The Yamal Peninsula in northwest Siberia is undergoing some of the most rapid land-cover and land-use changes in the Arctic due to a combination of gas development, reindeer herding, and climate change. Unusual geological conditions (nutrient-poor sands, massive ground ice and extensive landslides) exacerbate the impacts. These changes will likely increase markedly as transportation corridors are built to transport the gas to market. Understanding the nature, extent, causes and consequences (i.e., the cumulative effects) of the past and ongoing rapid changes on the Yamal is important for effective, long-term decision-making and planning. The cumulative effects to vegetation are the focus of this chapter because the plants are a critical component of the Yamal landscape that support the indigenous Nenets people and their reindeer and also protect the underlying ice-rich permafrost from melting. We are using a combination of ground-based studies (a transect of live locations across the Yamal), remote-sensing studies, and analyses of Nenets land-use activities to develop vegetation-change models that can be used to help anticipate future states of the tundra and how those changes might affect traditional reindeer herding practices and the thermal state of the permafrost. This chapter provides an overview of the approach, some early results, and recommendations for expanding the concept of cumulative-effects analysis to include examining the simultaneous and interactive effects of multiple drivers of change.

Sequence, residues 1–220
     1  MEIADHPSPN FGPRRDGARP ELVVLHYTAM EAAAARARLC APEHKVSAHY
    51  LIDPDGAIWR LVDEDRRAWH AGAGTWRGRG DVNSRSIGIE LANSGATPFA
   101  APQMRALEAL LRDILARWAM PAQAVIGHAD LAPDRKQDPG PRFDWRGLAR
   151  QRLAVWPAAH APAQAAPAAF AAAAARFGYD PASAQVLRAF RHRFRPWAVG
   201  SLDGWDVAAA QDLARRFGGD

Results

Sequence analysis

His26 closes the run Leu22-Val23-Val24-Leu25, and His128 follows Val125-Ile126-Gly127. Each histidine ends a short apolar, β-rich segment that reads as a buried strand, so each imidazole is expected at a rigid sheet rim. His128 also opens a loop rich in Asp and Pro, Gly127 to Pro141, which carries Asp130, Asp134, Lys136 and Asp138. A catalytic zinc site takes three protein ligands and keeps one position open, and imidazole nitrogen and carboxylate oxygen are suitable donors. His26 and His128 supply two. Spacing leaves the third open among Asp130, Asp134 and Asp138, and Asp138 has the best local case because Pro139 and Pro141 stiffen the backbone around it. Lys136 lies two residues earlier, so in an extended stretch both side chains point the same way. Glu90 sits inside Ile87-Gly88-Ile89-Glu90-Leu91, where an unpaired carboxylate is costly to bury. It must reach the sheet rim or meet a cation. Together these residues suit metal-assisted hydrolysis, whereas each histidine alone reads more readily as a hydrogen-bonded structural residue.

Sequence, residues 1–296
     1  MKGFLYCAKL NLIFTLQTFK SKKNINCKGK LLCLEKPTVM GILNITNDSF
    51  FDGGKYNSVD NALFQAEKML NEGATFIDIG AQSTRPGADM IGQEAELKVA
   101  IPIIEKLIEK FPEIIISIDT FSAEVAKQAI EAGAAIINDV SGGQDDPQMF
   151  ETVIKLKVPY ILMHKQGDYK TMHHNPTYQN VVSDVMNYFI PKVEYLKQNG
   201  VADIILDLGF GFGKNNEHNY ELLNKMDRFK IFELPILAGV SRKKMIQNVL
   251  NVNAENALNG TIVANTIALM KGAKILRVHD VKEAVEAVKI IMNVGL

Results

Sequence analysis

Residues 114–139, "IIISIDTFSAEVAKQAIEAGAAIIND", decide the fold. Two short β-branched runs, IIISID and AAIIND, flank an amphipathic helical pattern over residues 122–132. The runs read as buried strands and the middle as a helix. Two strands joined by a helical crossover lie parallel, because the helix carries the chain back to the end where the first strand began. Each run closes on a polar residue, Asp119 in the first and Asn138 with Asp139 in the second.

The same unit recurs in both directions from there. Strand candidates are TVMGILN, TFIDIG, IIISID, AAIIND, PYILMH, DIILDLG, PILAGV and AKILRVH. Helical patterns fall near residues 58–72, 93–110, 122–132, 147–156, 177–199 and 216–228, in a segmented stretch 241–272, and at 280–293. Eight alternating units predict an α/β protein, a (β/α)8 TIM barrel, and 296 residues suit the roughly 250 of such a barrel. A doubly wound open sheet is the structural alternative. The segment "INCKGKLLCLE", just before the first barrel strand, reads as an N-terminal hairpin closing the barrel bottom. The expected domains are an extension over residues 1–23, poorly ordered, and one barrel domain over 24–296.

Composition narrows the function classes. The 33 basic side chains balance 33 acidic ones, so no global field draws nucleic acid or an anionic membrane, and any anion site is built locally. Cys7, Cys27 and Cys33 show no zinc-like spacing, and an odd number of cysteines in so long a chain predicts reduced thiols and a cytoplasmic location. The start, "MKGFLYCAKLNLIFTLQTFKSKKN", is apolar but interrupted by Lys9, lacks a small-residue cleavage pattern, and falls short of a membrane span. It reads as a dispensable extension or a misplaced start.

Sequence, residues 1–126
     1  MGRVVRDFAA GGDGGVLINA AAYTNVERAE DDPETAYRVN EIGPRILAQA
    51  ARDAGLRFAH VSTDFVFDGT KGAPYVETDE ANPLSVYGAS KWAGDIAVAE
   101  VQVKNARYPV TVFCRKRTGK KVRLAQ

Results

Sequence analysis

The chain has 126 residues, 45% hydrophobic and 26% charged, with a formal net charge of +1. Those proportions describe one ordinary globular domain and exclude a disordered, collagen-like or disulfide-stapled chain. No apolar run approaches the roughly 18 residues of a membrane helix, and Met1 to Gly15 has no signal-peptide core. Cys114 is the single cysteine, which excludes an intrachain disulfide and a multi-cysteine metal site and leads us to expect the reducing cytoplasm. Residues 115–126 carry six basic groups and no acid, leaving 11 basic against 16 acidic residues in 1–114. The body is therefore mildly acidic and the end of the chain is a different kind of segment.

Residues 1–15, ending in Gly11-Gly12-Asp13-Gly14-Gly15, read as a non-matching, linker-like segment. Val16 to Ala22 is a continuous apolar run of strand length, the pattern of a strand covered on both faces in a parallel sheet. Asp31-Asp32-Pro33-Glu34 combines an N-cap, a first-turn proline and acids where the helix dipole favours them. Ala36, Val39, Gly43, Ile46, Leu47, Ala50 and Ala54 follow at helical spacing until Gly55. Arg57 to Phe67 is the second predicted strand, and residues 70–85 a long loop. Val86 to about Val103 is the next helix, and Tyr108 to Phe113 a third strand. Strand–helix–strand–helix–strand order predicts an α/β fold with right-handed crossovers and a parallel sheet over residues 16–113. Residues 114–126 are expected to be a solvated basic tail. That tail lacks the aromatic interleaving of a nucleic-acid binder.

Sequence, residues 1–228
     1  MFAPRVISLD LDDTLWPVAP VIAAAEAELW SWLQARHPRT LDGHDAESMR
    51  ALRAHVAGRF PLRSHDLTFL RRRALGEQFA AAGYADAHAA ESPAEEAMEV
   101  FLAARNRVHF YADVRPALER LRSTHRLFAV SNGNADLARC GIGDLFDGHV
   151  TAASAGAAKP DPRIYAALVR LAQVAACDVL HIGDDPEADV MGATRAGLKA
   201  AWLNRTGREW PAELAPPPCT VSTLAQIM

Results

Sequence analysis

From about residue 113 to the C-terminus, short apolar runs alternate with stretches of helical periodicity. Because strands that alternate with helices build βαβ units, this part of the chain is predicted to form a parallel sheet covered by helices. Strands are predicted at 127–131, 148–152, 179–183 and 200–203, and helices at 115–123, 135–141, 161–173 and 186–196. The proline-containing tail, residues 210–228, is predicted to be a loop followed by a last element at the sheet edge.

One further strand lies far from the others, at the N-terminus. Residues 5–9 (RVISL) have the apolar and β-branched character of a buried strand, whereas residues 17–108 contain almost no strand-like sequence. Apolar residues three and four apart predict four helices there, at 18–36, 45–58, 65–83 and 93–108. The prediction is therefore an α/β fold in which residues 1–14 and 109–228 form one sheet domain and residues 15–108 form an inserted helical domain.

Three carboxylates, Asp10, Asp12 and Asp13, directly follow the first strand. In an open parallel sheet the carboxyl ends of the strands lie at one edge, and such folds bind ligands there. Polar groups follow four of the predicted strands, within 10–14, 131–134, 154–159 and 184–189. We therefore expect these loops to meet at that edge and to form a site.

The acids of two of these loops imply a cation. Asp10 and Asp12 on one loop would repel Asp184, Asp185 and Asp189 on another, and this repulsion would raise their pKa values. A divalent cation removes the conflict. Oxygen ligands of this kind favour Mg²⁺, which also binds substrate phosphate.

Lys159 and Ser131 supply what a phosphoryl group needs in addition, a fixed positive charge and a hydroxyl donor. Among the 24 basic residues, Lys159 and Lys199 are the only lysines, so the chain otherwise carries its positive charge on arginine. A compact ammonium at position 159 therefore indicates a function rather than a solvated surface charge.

New York: Springer Netherlands, 2011. 207-236 p.